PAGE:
## LU decomposition in three languages

This post is about implementing an algorithm which finds the lower-upper decomposition or LU decomposion of a matrix \(\mathrm{A} \in \mathbb{R}^{n\times n}\). The letter \(n\) will always refer to the shape of the square matrix \(\mathrm{A}\).

## Pseudo code

We use the pseudo-code from the following lecture IIT notes.

Using python syntax, the code for the factorization can be written

```
U, L = A, I
for k in range(0, n-1):
for j in range(k+1, n):
L[j,k] = U[j,k] / U[k,k]
U[j, k:n] = U[j, k:n] - L[j,k]U[k, k:n]
```

where `I`

stands for the identity \(\mathrm{I}_n\).

## First example

Let us pick and factorize a matrix for \(n=4\). Our example matrix is

$$ \mathrm{A} = \begin{bmatrix} -1.076 & 0.657 & -1.222 & -0.467 \\ -1.101 & 0.805 & -1.247 & -0.62 \\ -0.594 & -0.112 & -0.327 & 0.13 \\ 0.412 & 0.604 & 0.398 & 0.472 \end{bmatrix} $$

Our python code provides the factorization (rounded to the third decimal place):

$$ \mathrm{L} = \begin{bmatrix} 1. & 0. & 0. & 0. \\ 1.023 & 1. & 0. & 0. \\ 0.552 & -3.576 & 1. & 0. \\ -0.383 & 6.446 & -0.255 & 1. \end{bmatrix} \;;\; \mathrm{U} = \begin{bmatrix} -1.076 & 0.657 & -1.222 & -0.467 \\ 0. & 0.133 & 0.003 & -0.142 \\ 0. & 0. & 0.36 & -0.121 \\ 0. & 0. & 0. & 1.179 \end{bmatrix} $$

The error in approximating \(\mathrm{A} \approx \mathrm{LU}\) (due to floating point operations) can be computed as $$ E(\mathrm{A}) = \sum_{i,j = 1}^{n}\left\lvert \mathrm{A}_{ij} – \left[\mathrm{LU}\right]_{ij}\right\rvert \approx 6.939 \cdot 10^{-17}$$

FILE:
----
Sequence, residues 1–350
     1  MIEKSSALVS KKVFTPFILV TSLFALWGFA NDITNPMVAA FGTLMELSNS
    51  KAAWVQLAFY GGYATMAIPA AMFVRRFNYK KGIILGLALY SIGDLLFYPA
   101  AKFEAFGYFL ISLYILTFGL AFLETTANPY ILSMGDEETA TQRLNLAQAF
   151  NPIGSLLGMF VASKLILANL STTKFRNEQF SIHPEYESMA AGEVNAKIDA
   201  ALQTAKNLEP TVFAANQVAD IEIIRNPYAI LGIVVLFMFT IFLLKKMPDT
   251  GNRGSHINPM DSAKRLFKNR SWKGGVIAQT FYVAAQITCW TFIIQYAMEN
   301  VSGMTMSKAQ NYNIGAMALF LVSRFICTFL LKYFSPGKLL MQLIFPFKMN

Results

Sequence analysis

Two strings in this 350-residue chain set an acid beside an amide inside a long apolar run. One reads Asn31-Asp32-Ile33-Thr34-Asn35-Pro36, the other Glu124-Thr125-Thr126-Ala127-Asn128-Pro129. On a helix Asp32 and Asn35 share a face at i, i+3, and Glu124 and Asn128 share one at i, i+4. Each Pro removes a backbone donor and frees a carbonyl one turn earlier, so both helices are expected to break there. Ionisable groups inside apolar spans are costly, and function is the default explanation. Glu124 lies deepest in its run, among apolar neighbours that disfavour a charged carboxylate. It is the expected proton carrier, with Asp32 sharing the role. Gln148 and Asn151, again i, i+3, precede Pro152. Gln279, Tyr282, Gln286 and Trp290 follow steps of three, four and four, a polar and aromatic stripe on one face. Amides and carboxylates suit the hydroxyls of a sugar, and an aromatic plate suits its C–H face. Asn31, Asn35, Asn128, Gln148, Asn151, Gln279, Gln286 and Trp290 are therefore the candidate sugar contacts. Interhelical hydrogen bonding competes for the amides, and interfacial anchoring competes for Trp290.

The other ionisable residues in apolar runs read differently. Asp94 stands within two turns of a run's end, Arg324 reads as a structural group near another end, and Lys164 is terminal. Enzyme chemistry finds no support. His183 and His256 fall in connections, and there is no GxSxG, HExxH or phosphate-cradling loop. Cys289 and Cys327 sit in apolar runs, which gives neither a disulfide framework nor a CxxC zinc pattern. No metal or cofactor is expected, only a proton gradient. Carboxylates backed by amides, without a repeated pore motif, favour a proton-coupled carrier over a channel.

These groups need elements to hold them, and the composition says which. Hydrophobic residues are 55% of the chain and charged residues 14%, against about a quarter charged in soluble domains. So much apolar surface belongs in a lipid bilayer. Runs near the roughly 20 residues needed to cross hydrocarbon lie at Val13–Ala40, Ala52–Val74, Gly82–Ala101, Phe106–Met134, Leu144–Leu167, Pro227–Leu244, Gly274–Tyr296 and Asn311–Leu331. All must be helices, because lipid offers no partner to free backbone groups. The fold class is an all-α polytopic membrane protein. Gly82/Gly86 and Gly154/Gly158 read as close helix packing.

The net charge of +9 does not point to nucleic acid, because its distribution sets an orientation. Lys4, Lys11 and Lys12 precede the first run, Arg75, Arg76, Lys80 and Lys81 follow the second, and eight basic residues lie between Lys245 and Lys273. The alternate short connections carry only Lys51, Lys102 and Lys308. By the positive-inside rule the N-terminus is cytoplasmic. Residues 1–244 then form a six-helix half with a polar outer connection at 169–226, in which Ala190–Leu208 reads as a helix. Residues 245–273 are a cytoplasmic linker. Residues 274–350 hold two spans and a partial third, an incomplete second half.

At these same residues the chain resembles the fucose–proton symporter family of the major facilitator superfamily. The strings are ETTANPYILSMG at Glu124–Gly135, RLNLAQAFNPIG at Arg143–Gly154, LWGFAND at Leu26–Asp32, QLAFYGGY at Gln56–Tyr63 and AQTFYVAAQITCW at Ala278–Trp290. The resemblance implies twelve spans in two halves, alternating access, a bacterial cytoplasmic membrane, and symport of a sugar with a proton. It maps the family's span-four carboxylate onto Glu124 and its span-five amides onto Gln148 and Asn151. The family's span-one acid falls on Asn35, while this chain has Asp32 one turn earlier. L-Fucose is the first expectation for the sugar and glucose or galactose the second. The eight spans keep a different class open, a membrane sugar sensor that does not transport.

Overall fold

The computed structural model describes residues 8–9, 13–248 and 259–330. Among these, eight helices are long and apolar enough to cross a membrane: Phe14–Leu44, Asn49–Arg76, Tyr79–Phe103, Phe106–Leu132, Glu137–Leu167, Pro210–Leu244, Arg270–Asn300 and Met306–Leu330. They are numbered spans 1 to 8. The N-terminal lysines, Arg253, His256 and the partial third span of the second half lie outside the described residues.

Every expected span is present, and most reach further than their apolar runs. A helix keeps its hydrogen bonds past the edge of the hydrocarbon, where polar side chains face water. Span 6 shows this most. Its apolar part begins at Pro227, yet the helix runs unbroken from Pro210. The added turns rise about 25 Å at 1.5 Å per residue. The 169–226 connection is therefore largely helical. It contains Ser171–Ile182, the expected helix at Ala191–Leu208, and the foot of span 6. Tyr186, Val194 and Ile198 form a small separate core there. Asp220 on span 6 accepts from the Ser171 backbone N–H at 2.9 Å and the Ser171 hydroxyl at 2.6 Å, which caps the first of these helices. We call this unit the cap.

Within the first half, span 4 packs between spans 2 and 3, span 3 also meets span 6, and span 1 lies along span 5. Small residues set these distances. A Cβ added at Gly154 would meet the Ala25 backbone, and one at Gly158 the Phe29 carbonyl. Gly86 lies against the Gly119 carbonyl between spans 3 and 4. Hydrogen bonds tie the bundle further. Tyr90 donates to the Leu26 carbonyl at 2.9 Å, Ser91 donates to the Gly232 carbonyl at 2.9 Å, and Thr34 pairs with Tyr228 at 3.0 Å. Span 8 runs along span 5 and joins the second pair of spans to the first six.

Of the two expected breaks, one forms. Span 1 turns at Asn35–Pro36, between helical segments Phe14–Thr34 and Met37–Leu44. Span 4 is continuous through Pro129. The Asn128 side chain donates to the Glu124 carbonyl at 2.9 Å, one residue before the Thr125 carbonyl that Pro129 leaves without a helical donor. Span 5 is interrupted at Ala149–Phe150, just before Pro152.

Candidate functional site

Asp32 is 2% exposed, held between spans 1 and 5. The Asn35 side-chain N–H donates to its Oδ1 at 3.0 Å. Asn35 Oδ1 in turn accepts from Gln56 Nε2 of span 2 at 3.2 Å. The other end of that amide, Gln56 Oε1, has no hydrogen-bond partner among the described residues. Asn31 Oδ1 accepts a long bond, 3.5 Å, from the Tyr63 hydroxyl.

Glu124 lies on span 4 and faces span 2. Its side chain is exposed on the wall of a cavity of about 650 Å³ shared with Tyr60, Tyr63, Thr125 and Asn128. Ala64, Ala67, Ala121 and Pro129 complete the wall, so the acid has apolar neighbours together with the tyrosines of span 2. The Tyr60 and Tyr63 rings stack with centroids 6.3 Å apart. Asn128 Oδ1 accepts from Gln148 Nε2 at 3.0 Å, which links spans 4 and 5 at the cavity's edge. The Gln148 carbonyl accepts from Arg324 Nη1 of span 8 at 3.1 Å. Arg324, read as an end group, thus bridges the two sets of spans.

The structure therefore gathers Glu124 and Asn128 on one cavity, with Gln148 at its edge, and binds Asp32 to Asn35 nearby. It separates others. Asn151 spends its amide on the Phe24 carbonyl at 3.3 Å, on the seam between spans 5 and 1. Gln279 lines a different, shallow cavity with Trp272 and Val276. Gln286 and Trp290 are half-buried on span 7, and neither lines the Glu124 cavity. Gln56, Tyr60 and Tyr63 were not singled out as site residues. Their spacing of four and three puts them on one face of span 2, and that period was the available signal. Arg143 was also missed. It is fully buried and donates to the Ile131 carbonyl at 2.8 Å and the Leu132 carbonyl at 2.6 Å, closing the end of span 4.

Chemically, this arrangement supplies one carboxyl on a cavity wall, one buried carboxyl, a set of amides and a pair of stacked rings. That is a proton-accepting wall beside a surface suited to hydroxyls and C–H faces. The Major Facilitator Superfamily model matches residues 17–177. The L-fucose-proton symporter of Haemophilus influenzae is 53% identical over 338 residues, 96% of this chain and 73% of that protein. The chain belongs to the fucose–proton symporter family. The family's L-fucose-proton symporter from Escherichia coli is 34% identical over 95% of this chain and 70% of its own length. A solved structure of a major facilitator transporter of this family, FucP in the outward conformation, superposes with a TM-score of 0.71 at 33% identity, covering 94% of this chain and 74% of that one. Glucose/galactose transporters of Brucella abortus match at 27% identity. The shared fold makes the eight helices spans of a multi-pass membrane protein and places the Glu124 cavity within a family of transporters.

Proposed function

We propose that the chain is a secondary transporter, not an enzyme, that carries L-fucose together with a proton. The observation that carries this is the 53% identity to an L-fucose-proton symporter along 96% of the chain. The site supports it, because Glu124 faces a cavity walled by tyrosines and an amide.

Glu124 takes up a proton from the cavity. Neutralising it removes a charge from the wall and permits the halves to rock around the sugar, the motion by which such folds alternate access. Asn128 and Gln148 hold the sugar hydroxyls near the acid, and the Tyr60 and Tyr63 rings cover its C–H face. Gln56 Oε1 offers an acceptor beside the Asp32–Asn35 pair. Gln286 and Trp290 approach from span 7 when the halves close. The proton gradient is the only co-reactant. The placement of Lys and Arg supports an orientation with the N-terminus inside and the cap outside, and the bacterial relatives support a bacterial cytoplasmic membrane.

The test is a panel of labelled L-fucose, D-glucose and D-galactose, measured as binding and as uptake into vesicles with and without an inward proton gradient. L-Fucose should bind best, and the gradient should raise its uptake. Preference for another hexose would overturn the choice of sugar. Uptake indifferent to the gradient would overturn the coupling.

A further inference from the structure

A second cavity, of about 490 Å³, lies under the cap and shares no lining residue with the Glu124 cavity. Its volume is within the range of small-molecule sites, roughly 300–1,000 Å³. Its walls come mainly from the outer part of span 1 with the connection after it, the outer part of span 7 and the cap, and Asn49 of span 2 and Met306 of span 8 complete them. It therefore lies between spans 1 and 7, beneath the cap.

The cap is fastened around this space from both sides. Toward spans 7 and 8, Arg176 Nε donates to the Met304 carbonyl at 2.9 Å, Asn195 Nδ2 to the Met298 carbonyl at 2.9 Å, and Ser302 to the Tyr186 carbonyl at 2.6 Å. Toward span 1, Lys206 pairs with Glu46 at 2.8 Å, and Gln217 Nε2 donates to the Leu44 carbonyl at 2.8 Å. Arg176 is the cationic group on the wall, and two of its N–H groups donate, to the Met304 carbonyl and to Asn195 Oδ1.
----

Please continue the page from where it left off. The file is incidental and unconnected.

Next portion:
which is extremely small.

## Python code and performance

Let's analyze our python program. We want to estimate two things:

- Approximation error \(\mathrm{A} \approx \mathrm{LU}\) as a function of \(n\)
- Time complexity as a function of \(n\)

### Numpy routine

To estimate this, we sample for each \(n\) a number \(m=100\) of randomly generated matrices (using numpy's `rand.randn`

routine) and run our factorization routine which operates on numpy arrays.

**To be added.**

### JAX routine

**To be added.**

## Julia routine

In julia, the identity matrix `I`

is built so that algebraic properties of the identity are used to simplify computations without storing the \(n\times n\) matrix in memory. Our algorithm however needs an identity matrix which can be modified. With the initialization `lower = I(n)`

, the following error occurs:

```
ERROR: LoadError: ArgumentError: cannot set off-diagonal entry (2, 1) to a nonzero value (2.331270057426189)
```

this is because julia's `I`

is a constant. In order to have a modifiable copy of `I`

, we use `Matrix{Float64}(I, n, n)`

instead.

Our function to compute the LU decomposition is thus:

```
using LinearAlgebra
function lu_factorize(matrix)
n = size(matrix)[1]
upper, lower = deepcopy(matrix), Matrix{Float64}(I, n, n)
for k = 1:(n-1)
for j = (k+1):n
lower[j,k] = upper[j,k] / upper[k,k]
upper[j, k:n] = upper[j, k:n] - lower[j,k] * upper[k, k:n]
end
end
return lower, upper
end
```

## R routine

**To be added.**